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Colbie Holdnerness, an ex-wife of former White House aide Rob Porter, wrote in a Monday Washington Post piece that she was “dismayed” by Kellyanne Conway’s weekend appearance on CNN.

In an interview with Jake Tapper, Conway said that she wasn’t worried about Hope Hicks, the White House communications director who is reportedly dating Porter. “I’ve rarely met somebody so strong with such excellent instincts and loyalty and smarts,” Conway told Tapper. Tapper’s question was prompted by the statements of another of Porter’s ex-wives, Jennifer Willoughby who, last week expressed concern over Hicks’s safety.


In her op-ed, Holderness wrote that Conway’s “statement implies that those who have been in abusive relationships are not strong.” “I beg to differ,” Holderness continued.

“Being strong—with excellent instincts and loyalty and smarts—does not inoculate a person against abuse,” Holderness wrote, in direct response to Conway’s interview. “It doesn’t prevent her from entering into a relationship with an abuser. Abuse often doesn’t manifest itself early on—only later, when you’re in deep and behind closed doors.”

Holderness expressed appreciation for Conway saying that she did “not not
believe” Holderness and Willoughby, but contrasted Conway’s apathetic statement of belief with Sarah Sanders’s Monday press briefing. During the briefing, Sanders evaded questions on whether or not the president believed Holderness and Willoughby and why the White House had grossly mishandled the Porter response. Sanders instead repeated a ready-made statement: “The president and the entire administration take domestic violence very seriously, and believe all allegations need to be investigated thoroughly. Above all the president supports victims of domestic violence, and believes everyone should be treated fairly and with due process.”


Holderness’s op-ed came hours before a Politico report that details the White House’s response to the intimate partner abuse allegations against Porter initially reported by the Daily Mail. Though the White House, and Chief of Staff John Kelly, have publicly condemned domestic violence (as though that were difficult), the Politico report shows a White House desperately scrambling to keep Porter, even after he was accused of physical and emotional abuse and denied security clearance from the FBI.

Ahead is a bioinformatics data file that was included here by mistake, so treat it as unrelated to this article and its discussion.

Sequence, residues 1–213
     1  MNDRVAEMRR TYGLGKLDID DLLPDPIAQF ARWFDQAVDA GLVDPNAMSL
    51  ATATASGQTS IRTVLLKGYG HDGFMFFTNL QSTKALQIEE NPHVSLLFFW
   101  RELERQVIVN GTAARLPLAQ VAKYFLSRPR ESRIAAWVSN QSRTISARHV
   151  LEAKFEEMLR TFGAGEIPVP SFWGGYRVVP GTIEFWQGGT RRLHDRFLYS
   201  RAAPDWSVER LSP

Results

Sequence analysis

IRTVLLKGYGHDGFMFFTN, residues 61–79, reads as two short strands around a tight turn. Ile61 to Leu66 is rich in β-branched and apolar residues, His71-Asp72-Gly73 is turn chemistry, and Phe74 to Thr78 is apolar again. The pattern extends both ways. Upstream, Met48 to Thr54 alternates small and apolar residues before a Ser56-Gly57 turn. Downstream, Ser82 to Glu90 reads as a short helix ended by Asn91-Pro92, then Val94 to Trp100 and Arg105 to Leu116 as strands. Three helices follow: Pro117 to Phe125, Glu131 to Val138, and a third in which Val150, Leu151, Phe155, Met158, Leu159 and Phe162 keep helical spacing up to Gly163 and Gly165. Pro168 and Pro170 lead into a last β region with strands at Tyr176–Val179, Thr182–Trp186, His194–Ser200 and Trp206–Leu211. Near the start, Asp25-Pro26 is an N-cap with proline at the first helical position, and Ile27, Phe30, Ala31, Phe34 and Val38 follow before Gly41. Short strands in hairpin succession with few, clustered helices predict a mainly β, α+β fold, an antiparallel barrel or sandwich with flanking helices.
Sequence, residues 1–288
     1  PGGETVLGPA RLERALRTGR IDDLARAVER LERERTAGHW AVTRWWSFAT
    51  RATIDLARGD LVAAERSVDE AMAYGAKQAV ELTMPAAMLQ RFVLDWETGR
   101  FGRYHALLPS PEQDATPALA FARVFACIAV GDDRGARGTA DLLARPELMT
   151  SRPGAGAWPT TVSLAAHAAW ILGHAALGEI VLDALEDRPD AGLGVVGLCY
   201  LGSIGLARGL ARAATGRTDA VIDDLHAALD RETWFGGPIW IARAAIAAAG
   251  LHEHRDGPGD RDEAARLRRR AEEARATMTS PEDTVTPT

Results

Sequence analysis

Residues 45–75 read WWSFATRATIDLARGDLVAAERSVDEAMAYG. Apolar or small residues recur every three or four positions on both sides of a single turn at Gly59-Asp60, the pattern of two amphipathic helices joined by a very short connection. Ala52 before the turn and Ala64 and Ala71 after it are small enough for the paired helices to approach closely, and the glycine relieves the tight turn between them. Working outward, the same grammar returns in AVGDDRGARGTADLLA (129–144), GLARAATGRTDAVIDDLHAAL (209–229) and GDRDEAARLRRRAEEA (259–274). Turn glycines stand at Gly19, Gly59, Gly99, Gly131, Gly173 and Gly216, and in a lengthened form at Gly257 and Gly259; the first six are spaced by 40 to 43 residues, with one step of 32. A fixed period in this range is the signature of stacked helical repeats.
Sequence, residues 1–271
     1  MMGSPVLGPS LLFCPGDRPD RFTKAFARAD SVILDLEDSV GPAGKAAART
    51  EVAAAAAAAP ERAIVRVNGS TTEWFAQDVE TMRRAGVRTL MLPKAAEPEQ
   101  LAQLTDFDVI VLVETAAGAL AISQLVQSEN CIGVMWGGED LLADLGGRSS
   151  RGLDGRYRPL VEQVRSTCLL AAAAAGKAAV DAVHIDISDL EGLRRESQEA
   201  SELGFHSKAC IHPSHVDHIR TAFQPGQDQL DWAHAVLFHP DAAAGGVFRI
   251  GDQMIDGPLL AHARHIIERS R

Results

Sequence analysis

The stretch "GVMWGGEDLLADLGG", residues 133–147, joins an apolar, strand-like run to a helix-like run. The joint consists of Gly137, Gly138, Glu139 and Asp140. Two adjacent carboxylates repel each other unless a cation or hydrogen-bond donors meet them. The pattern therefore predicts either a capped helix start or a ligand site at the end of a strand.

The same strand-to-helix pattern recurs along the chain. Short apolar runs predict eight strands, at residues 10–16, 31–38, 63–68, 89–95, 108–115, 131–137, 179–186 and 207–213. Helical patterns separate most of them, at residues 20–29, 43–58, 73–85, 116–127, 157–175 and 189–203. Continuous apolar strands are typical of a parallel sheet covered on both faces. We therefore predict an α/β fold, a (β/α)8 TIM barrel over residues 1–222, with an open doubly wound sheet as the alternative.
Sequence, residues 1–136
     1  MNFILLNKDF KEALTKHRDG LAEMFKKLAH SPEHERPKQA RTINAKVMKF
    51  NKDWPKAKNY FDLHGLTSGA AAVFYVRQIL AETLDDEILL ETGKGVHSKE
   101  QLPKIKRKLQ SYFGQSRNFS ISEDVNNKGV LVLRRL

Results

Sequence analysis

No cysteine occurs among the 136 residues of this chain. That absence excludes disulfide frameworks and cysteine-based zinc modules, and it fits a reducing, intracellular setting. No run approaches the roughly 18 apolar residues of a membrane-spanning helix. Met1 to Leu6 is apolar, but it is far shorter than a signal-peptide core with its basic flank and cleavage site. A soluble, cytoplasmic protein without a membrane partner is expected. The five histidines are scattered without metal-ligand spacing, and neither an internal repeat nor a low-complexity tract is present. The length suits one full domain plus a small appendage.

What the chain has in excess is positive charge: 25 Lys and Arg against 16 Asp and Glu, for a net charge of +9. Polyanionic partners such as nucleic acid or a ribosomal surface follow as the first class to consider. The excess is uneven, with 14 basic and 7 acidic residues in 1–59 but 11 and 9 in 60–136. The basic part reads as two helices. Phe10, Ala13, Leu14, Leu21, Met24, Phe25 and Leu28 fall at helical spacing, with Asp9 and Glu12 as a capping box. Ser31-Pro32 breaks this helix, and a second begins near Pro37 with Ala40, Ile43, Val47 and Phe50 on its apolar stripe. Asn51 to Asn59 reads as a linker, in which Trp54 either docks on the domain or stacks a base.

Politico reports:

In the hours immediately after the Daily Mail published a photograph of Porter’s first ex-wife with a black eye, White House press secretary Sarah Sanders hastily arranged an off-the-record meeting in the West Wing with Porter and four reporters: the New York Times’ Maggie Haberman, the Washington Post’s Josh Dawsey, Axios’ Jonathan Swan, and the Wall Street Journal’s Michael Bender. In that meeting, which hasn’t previously been reported, Porter relayed his version of events and fielded questions from the group.


These details yet again contradict the White House’s increasingly hard-to-follow official timeline. Again, on Monday Sanders told reporters that the White House acted within 24 hours of learning the “extent of the situation” to “accept and announce” Porter’s resignation.

But it appears that the White House was grasping to contain the story while retaining Porter, regardless of the allegations leveled against him by two ex-wives, as well as an ex-girlfriend who works at the White House. This tracks with previous reports which indicated that Kelly and other White House aides had been made aware of the intimate partner violence allegations months prior to the Daily Mail’s story.

Though the White House may say they “support victims of domestic violence,” their actions claim otherwise.


Update: According to FBI Director Christopher Wray, the FBI closed Porter’s file in January. Wray said that the FBI submitted a partial report on Porter’s background check to the White House in March and a completed report in July. The FBI shared a follow-up report in November. Wray’s timeline contradicts the White House’s assertation that Porter’s background investigation was “ongoing” when the allegations of intimate partner violence were made public.